I decided to try another tack: I offered to be the “soundman” for the band, not that I knew what a “soundman” was yet. I found out quickly.

What’s a Soundman?

A “soundman” is the one who runs upstairs and shuts the basement door when it is accidentally left ajar, preventing the “sound woman” (Mom) from shouting at us during rehearsal.

A “sound man” is the one who breaks down microphone stands, unplugs cables and cleans up after rehearsals – again, preventing the “sound woman” from becoming irate.

A “soundman” is the one who records the band’s practices on my Dad’s old two-track Revox reel-to-reel. Aha! Now we’re getting somewrealmic1here.

So began my long quest to ever improve my engineering skills and make higher-quality recordings. Once I figured out that the two tracks on the Revox could be recorded separately, I suggested to the band that we record the music first so they could concentrate on their not-so-stellar vocals later (yes, I am still bitter about them rejecting my “high-pitched girlie vocals”).

The infectious Recording Bug bit hard, and I schemed about how to add tracks and improve fidelity. Complications arising from the Recording Bug led directly to my contracting the chronic Accumulate Audio Gear syndrome, for which there is no cure. Except money — or, more precisely, the lack thereof.

So I made do with what I had, adding new bits here and there. I bounced tracks between two cassette decks, and later, open-reel decks. I bought a noisy mixer and built my own electronic projects (thank you, Craig Anderton and PAiA).

At one point, I am embarrassed to admit, I dreamed of owning a couple of Radio Shack High Ball microphones for recording. Nineteen-seventies home recording veterans take note: that’s the High Ball, not the better fidelity High Ball II model pictured.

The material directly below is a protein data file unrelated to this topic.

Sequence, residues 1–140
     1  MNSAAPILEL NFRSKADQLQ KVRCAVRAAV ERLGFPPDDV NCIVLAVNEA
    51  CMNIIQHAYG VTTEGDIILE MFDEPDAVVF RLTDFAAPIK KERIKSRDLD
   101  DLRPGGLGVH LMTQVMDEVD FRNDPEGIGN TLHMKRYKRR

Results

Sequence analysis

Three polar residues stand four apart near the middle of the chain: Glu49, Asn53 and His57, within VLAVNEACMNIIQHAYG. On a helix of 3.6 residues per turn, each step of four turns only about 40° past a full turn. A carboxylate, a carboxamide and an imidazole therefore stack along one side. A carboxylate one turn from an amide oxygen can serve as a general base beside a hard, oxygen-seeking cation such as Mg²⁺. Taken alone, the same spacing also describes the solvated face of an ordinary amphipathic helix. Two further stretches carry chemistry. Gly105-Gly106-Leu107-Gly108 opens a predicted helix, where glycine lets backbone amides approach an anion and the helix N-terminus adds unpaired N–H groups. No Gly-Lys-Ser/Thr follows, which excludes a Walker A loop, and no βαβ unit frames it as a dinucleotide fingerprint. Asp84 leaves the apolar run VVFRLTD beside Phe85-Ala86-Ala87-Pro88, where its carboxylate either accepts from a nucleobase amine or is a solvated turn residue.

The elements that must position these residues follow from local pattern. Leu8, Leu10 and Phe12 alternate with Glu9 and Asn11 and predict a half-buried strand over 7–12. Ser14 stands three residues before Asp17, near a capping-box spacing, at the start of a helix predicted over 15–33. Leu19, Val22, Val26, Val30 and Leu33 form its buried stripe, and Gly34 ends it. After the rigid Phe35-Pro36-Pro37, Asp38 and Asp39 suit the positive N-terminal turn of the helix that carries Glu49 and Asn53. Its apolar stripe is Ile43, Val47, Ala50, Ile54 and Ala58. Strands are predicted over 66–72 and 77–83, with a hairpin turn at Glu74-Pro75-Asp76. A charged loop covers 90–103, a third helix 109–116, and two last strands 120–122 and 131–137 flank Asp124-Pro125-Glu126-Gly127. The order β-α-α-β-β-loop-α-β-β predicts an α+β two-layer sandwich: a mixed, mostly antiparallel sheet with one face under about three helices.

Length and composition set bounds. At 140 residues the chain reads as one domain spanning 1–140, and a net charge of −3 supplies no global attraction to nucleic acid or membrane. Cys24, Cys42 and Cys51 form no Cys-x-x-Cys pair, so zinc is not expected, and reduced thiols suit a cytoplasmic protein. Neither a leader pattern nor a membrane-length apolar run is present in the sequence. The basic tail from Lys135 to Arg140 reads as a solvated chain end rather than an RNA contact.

Aural Adversity

The beauty was that my budding audio engineering career could only go up from there. That is to say, there is inherent value in aural adversity.

Certainly I am a better and more versed engineer for having survived “innovative” recording techniques, time-consuming electronic kits and tedious troubleshooting. The old adage “what doesn’t kill you makes you stronger” comes to mind (although some of those improperly wired electronic kits came awfully close to the former).

Most professional engineers, producers and studio owners will conceed that they started the same way: making the most of what they had available at the time.

And at that time, all my recordings had the same non-musical opening – a tide of white-noise modulated by the wow and flutter of recorders in service well beyond the manufactures’ best expectations.

Maybe one day I’ll be asked, “Daddy, why did you always start your old songs with the sounds of the ocean — and what’s up with those high-pitched girlie vocals?”


SSL Duality Analog Console/DAW Controller

By Steve Murphy | Originally published in Pro Audio Review magazine

The appropriately-named Duality adds fully featured digital audio workstation control to a fully analog large-format console.

The concept of combining a digital mixing console with computer workstation control is a natural match. In fact, it’s not so much a match as the same thing. In both cases, the same hardware faders and controllers are communicating with digital mixing/processing software, whether residing locally (in the mixer) or remotely (in the workstation computer). At this point, I am not aware of any professional digital console — whether $500 or $500,000 — that does not offer external control capabilities. This is no longer news.